I just scribbled down some thoughts in your other comment. Let me know if you need more details.

      alistair

  4. #10 by silversquarelofts on June 27, 2013 - 10:45 pm

    Hi , do you mind sharing how you setup the power supply?
    Thanks!

    • #11 by albell on June 28, 2013 - 7:28 am

      Hi,

      quick reply…

      the strips are, as you know, nominally 12V (the range of expected voltage differs from manufacturers). So you could just wire them directly to the car’s electrical system and use a simple switch to control. But if you want to dim the leds you really need a PWM (Pulse width modulation) controller. I think I’ve linked in my post to where I bought mine.
      So where to tap into the van’s electrics to get 12V? In a westy I would tap into the circuit that powers the kitchen. On the base of the B-pillar, at the drivers left buttock, there is a little plastic box that contains 2 ceramic fuses. One fuse is for the fridge 12V power circuit, the other is for the kitchen (water pump, control panel leds, fridge fan). So you can trace the wire and find a suitable spot to tap into.

      Running wires to each LED strip can be as easy or as hard as you want – all depends on how hidden you want the wires to be.

      let me know if you need more info,

      cheers

      alistair

      • #12 by silversquarelofts on June 28, 2013 - 9:44 am

        This is great info. Thank you! I just bought my Westy a couple weeks ago and bought the LED strip after seeing I googled Vanagon LED lighting and saw pics of your installation. So now I have the lights and am just learning about the auxiliary battery idea. Can’t wait to set it all up. Thanks again!

      • #13 by albell on June 28, 2013 - 9:48 am

        Feel free to pester me with questions about aux battery install and wiring. I know too well how confusing it can be at times.

        cheers

        ab

      • #14 by silversquarelofts on June 28, 2013 - 9:54 am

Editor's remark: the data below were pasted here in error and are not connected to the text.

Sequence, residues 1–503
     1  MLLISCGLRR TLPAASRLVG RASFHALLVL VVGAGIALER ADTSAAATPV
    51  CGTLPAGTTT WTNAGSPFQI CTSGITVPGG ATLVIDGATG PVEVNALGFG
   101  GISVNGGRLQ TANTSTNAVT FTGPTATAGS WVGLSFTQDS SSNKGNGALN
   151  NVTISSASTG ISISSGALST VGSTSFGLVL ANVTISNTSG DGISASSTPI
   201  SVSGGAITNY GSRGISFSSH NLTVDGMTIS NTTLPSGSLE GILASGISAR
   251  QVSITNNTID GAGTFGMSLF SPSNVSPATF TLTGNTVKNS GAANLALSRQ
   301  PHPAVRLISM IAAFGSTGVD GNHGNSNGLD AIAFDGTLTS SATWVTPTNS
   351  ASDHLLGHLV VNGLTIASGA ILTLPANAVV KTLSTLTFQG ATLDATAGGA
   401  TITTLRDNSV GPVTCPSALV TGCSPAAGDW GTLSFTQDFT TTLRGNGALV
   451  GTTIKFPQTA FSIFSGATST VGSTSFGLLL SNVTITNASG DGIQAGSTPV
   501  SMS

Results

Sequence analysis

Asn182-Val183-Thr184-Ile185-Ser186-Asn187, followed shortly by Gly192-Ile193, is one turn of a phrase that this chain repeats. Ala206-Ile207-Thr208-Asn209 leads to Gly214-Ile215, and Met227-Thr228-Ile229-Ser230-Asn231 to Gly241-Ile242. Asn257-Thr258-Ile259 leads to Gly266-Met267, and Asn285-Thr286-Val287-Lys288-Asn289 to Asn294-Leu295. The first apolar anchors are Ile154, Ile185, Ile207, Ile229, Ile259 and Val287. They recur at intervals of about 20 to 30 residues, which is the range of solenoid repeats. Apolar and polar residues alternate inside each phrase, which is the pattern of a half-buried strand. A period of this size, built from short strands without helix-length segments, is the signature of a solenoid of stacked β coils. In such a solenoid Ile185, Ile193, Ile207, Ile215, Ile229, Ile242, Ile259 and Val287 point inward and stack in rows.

Thanks, AB. Appreciate that. I checked out the Aux Battery video on YT (http://www.youtube.com/watch?v=LAFbbgEBlMc) and I think my only question right now is whether or not there’s a higher Ah battery on the market yet that will still fit in the same space under the driver’s seat. I did see there’s a slightly larger 35Ah battery on Amazon (the video uses the 22Ah). Is this the setup you used for your aux battery?

      • #15 by albell on June 28, 2013 - 10:00 am

        quick reply, I have to get going…

        one “best bang for your buck” approach is to buy a good group 41 battery. Just like the starting battery. You can find them for a good price and depending on your loads, can last for a good time. I found my teeny 30 A/hr AGM at walmart. I have very little load on it when camping and I thought it was a good buy. But if I was to buy one today I’d go for a group 41 unit. Deep cycle batteries can get very pricey, and you can screw them up (not fully recharging etc).

        cheers

        ab

      • #16 by silversquarelofts on June 28, 2013 - 10:52 am

        thank you!

  5. #17 by oldfussbudget on July 8, 2013 - 4:45 pm

    Hah, catching up from when I was non-functional. Lovely work on the control panel!

    On PWM stuff, it works by rapidly switching the power on and off and varying the length of time it stays on (duty cycle, technically). The result is a rapidly flashing light that if done correctly you won’t notice flashing. The switching is pretty efficient but there is also some control overhead. The circuits could no doubt be designed at extra expense to shut down into very low power mode.

    • #18 by albell on July 8, 2013 - 5:07 pm

      you can detect that strobe effect when lights dimmed by waving hand in front of lights. God only knows what effect that has on my brain.

      Power requirement does go down with dimming, I can measure and report if desired.